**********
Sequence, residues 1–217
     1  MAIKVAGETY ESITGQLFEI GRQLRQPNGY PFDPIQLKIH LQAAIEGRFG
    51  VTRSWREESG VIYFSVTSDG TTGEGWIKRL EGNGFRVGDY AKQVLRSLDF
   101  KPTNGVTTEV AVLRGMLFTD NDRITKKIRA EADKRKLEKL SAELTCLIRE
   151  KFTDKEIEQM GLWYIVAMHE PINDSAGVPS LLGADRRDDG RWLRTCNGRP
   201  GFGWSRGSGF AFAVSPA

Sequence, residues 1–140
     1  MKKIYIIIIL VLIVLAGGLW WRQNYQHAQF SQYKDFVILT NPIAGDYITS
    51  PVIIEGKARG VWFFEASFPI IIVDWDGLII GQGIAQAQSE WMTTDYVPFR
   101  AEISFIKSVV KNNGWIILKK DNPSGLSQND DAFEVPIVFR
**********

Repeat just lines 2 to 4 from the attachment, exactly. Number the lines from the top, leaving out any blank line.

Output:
     1  MAIKVAGETY ESITGQLFEI GRQLRQPNGY PFDPIQLKIH LQAAIEGRFG
    51  VTRSWREESG VIYFSVTSDG TTGEGWIKRL EGNGFRVGDY AKQVLRSLDF
   101  KPTNGVTTEV AVLRGMLFTD NDRITKKIRA EADKRKLEKL SAELTCLIRE